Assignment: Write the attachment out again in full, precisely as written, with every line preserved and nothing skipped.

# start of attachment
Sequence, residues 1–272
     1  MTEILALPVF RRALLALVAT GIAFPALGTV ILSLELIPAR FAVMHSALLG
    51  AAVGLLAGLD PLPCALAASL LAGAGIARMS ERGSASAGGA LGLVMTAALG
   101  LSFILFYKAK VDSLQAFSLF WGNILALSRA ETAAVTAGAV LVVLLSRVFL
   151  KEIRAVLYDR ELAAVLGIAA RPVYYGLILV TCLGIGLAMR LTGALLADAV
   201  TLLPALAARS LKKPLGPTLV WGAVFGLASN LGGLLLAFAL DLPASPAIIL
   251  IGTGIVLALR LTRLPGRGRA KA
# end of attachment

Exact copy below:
Sequence, residues 1–272
     1  MTEILALPVF RRALLALVAT GIAFPALGTV ILSLELIPAR FAVMHSALLG
    51  AAVGLLAGLD PLPCALAASL LAGAGIARMS ERGSASAGGA LGLVMTAALG
   101  LSFILFYKAK VDSLQAFSLF WGNILALSRA ETAAVTAGAV LVVLLSRVFL
   151  KEIRAVLYDR ELAAVLGIAA RPVYYGLILV TCLGIGLAMR LTGALLADAV
   201  TLLPALAARS LKKPLGPTLV WGAVFGLASN LGGLLLAFAL DLPASPAIIL
   251  IGTGIVLALR LTRLPGRGRA KA